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J Sleep Res. 2010 Dec;19(4):578-84. doi: 10.1111/j.1365-2869.2009.00818.x.

Sleepiness, near-misses and driving accidents among a representative population of French drivers.

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1
INRETS-LCPC, LEPSIS, Paris, France.

Abstract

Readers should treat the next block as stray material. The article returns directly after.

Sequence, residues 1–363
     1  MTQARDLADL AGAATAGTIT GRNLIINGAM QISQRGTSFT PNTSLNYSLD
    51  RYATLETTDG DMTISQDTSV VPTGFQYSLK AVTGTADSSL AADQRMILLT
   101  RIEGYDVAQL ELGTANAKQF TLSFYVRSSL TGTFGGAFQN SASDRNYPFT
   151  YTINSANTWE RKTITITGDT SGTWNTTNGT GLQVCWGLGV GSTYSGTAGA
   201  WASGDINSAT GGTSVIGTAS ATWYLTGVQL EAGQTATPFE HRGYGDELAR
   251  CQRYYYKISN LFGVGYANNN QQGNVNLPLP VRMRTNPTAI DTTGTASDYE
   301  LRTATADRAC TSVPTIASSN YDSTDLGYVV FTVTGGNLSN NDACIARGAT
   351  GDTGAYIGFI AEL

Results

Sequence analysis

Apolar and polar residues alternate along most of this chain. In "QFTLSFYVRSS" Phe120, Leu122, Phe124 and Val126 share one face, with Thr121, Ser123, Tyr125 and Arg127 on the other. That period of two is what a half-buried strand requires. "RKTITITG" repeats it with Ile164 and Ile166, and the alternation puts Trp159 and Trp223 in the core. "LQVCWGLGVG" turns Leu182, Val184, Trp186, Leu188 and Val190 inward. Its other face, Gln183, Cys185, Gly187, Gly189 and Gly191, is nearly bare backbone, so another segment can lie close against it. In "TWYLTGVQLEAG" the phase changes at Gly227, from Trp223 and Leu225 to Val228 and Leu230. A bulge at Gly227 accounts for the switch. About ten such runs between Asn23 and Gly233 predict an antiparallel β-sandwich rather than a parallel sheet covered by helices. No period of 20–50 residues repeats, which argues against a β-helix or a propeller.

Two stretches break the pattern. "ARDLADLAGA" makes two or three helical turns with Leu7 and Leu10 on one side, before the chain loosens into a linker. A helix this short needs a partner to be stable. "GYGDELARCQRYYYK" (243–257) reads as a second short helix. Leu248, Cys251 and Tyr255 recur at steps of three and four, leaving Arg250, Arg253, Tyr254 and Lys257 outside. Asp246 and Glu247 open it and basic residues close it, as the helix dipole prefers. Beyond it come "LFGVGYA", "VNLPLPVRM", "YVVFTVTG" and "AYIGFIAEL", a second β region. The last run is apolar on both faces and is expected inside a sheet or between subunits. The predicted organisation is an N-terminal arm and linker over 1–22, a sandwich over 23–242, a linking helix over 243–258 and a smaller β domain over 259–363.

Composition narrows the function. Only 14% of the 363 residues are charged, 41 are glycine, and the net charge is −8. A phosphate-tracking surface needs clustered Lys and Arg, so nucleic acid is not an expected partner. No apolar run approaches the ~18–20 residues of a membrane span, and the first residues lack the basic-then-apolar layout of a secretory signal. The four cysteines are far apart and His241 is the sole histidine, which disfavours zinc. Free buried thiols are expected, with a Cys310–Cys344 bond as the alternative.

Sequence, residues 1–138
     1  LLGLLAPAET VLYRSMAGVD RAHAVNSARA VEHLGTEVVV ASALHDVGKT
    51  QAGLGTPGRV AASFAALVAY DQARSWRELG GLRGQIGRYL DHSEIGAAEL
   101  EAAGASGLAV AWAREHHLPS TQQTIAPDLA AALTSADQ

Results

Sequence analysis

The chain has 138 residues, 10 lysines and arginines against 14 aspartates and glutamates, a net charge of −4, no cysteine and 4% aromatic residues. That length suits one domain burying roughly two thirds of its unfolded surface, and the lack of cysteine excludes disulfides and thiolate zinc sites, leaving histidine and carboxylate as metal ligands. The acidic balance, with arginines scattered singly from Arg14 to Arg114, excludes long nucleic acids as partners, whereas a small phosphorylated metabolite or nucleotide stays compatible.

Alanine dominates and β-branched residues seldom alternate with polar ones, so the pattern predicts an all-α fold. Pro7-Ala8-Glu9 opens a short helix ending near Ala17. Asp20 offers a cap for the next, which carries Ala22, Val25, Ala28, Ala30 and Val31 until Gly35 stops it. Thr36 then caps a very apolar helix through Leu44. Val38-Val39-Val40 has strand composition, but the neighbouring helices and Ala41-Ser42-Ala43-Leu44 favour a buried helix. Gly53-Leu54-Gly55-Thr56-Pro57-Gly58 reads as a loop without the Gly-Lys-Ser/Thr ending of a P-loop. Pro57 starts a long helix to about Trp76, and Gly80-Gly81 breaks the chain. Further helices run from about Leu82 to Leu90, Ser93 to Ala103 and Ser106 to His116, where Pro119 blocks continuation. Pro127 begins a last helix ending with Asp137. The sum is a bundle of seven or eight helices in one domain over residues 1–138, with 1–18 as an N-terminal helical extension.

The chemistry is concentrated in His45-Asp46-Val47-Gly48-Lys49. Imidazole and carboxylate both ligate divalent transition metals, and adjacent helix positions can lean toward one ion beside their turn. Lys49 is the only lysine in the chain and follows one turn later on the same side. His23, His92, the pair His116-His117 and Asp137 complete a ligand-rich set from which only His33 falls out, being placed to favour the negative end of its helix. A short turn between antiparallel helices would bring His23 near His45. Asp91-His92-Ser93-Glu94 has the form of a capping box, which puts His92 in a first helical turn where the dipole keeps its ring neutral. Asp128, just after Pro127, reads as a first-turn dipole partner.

Study objectives were to determine the prevalence of sleepy driving accidents and to explore the factors associated with near-miss driving accidents and actual driving accidents in France. An epidemiological survey based on telephone interviews was conducted on a representative sample of French drivers. The questionnaire included sociodemographics, driving and sleep disorder items, and the Epworth sleepiness scale. Of 4774 drivers (response rate: 86%), 28% experienced at least one episode of severe sleepiness at the wheel (i.e. requiring to stop driving) in the previous year; 11% of drivers reported at least one near-miss accident in the previous year (46% sleep-related); 5.8% of drivers reported at least one accident, 5.2% of these being sleep related (an estimate of 90,000 sleep-related accidents per year in France). Sleepy driving accidents occurred more often in the city (53.8%), during short trips (84.6%) and during the day (84.6%). Using logistic regression, the best predictive factor for near-misses was the occurrence of at least one episode of severe sleepiness at the wheel in the past year [odds ratio (OR) 6.50, 95% confidence interval (CI), 5.20-8.12, P < 0.001]. The best predictive factors for accidents were being young (18-30 years; OR 2.13, 95% CI, 1.51-3.00, P < 0.001) and experiencing at least one episode of severe sleepiness at the wheel (OR 2.03, 95% CI, 1.57-2.64, P < 0.001). Sleepiness at the wheel is a risk factor as important as age for traffic accidents. Near-misses are highly correlated to sleepiness at the wheel and should be considered as strong warning signals for future accidents.

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